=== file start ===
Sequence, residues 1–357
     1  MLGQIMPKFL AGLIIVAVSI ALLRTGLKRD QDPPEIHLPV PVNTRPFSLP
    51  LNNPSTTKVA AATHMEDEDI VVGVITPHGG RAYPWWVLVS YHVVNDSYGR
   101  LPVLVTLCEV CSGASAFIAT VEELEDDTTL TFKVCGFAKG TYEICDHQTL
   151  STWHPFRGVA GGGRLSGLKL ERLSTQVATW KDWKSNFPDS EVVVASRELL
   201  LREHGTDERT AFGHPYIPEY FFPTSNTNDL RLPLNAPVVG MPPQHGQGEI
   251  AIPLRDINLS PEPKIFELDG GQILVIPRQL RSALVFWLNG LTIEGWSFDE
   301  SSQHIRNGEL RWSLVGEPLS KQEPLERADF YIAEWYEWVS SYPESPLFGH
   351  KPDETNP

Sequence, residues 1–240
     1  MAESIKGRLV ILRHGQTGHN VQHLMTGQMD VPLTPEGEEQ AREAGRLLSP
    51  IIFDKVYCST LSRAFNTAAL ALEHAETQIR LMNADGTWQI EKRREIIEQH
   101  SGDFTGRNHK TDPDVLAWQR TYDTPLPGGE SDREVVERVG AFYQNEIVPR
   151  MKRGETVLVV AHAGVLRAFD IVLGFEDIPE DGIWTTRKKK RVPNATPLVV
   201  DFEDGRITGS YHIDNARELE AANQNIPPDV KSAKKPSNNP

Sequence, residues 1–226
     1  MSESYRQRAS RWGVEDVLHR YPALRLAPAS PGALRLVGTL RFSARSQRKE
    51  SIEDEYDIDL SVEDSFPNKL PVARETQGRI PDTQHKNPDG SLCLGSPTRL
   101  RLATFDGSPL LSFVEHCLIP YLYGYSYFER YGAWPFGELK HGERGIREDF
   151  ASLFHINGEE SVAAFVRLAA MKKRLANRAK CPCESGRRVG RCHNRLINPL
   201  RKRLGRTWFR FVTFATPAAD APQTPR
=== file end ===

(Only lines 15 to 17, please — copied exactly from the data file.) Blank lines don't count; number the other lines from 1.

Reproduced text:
   201  DFEDGRITGS YHIDNARELE AANQNIPPDV KSAKKPSNNP

Sequence, residues 1–226
     1  MSESYRQRAS RWGVEDVLHR YPALRLAPAS PGALRLVGTL RFSARSQRKE